Keep watching the skies tonight
"Watch the skies. Everywhere. Keep looking. Keep watching the skies!"
That's a famous quote from the 1951 science fiction classic, The Thing from Another World, a film about an Air Force crew and scientists at a remote Arctic research outpost who fight a malevolent alien being.
At the end of the film journalist Ned Scott relays the story of how they won the battle this time but warns the public to be alert for more things coming from outer space.
It's not the case or as dramatic but there will be action in the skies above Donegal with the second night of the Perseid meteor shower tonight .
It is one of the best meteor showers of the year and the whole country will see a free celestial fireworks display. Astronomy Ireland wants everyone to count them for a special survey.
Astronomy Ireland is asking everyone in Donegal to help count the Perseids this year.
Details are on the society's website astronomy.ie
but all you need do is to count how many you see every 15 minutes and send them to the address given on the website.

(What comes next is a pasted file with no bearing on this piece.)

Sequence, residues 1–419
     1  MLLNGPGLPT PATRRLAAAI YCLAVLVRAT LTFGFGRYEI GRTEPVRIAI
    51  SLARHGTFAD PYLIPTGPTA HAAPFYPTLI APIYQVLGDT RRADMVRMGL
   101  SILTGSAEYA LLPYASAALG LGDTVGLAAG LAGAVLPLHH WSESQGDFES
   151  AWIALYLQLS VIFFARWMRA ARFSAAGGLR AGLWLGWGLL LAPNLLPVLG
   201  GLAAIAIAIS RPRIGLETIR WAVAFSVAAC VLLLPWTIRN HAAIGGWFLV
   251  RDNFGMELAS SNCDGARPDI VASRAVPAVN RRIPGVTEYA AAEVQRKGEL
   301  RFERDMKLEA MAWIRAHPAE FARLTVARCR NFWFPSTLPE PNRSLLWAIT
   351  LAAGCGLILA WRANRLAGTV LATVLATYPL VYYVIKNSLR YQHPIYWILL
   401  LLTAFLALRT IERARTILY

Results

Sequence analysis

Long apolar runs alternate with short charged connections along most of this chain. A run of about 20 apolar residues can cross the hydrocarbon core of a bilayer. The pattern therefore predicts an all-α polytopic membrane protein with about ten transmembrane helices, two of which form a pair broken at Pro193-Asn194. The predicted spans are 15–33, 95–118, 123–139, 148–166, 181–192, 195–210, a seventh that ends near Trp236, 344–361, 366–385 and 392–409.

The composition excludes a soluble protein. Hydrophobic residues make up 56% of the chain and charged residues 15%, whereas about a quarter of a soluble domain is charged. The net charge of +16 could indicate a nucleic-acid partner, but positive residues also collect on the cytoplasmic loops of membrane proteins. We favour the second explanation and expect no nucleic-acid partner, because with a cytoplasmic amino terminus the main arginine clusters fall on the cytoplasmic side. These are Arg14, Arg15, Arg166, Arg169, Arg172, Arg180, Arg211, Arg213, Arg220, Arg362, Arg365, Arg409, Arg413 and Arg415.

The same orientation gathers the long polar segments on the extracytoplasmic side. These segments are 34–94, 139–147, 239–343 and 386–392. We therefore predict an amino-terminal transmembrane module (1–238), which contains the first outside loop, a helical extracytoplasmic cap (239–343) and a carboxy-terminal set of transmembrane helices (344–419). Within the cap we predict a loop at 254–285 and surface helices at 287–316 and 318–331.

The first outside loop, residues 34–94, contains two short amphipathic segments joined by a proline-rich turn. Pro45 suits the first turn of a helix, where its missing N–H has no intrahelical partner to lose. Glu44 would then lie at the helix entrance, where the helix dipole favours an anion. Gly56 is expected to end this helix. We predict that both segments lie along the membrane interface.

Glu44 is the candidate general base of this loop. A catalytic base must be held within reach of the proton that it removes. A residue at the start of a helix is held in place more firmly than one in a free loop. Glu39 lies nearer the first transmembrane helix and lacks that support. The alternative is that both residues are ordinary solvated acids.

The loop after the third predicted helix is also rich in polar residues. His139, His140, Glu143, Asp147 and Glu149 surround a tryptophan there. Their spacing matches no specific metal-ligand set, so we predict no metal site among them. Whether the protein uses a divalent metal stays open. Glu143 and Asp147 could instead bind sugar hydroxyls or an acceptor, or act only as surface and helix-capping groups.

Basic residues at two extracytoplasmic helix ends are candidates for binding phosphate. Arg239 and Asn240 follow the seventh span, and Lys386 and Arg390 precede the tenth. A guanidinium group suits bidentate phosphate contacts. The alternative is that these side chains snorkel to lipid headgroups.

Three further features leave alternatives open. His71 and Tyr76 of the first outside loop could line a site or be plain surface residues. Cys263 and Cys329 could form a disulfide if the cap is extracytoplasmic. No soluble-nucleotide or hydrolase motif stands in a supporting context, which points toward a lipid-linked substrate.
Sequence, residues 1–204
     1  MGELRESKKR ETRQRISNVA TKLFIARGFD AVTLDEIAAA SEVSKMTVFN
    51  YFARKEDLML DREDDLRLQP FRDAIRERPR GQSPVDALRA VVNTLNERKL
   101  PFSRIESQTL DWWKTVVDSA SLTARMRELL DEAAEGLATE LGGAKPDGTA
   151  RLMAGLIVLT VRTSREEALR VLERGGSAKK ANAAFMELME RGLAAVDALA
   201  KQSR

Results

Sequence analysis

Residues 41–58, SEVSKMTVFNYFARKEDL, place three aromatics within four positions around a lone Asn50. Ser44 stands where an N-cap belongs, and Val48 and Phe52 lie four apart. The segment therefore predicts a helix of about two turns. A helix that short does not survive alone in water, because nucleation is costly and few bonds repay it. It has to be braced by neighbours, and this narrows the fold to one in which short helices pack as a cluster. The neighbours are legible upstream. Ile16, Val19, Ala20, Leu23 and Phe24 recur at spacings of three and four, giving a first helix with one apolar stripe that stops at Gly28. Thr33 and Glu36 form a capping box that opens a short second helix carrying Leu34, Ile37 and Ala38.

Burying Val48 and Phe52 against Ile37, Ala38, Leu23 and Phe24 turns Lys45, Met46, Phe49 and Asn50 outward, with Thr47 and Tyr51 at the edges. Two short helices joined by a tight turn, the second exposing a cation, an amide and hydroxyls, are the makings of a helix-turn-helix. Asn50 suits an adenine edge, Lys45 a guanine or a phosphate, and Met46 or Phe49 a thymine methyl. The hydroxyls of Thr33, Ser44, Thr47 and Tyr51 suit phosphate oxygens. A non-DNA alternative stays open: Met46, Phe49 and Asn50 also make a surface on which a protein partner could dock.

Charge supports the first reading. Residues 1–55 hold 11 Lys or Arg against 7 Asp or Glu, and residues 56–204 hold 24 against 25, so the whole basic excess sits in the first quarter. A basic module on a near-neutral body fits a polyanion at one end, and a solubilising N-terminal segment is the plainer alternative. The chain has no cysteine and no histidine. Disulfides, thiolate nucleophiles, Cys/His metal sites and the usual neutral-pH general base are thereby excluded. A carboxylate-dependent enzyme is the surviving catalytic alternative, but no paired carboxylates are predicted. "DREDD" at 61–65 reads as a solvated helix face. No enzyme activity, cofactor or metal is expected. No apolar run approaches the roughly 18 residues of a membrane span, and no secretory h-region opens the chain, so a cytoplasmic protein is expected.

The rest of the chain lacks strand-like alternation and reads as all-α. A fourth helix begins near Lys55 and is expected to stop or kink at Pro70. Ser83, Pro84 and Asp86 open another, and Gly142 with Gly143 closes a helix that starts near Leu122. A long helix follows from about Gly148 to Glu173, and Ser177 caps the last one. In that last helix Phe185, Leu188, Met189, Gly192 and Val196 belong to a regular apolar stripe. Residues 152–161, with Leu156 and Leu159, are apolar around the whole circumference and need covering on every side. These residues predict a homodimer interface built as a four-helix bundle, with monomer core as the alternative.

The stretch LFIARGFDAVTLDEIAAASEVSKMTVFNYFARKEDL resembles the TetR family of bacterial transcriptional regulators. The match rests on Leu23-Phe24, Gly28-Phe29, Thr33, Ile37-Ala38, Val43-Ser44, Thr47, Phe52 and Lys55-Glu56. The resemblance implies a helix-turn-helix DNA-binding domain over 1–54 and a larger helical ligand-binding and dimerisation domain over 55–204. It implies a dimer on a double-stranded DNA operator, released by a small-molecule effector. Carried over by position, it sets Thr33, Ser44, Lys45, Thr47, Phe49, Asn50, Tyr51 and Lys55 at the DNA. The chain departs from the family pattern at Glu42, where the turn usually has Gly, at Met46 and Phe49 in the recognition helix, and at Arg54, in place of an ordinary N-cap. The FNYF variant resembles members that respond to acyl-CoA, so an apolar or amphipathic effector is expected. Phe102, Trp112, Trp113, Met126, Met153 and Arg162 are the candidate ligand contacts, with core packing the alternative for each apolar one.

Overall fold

"This has real scientific value as we only know how these meteor showers develop by members of the public counting them while they view the beautiful spectacle of nature that is a meteor shower," said David Moore, editor of Astronomy Ireland magazine.
"You do not need any telescopes or binoculars, just normal human eyesight, oh, and a clear sky, but a few clouds won't spoil the view especially as you have all the hours of darkness to see them and this shower is known for producing some brilliant fireballs. I remember seeing one that light up the whole countryside like daylight for a few seconds!" he said
You can see Perseids anywhere in the sky so just fill your vision with as much sky as possible and enjoy the natural celestial fireworks display. A sun lounger or reclining chair will make you comfortable, or even a blanket on the ground.
A full report of what Irish people see will be published in Astronomy Ireland magazine which is available on news stands nationwide or through the website delivered anywhere in the 32 counties.
Meteors are caused by small particles, typically the size of a grain of sand, burning up high in the Earth's atmosphere. The particles come from comets, which are basically giant dirty snowballs of ices and dust a few kilometres in size.
The comet that causes the Perseds is known to be the Comet Swift-Tuttle which orbits the Sun every 130 years. It last came close to the Sun in 1992 and its previous passes have spread dust all around its long elliptical (cigar-shaped) orbit so that when the Earth comes near the orbit of the comet we plough through the thickest dust it has left behind.
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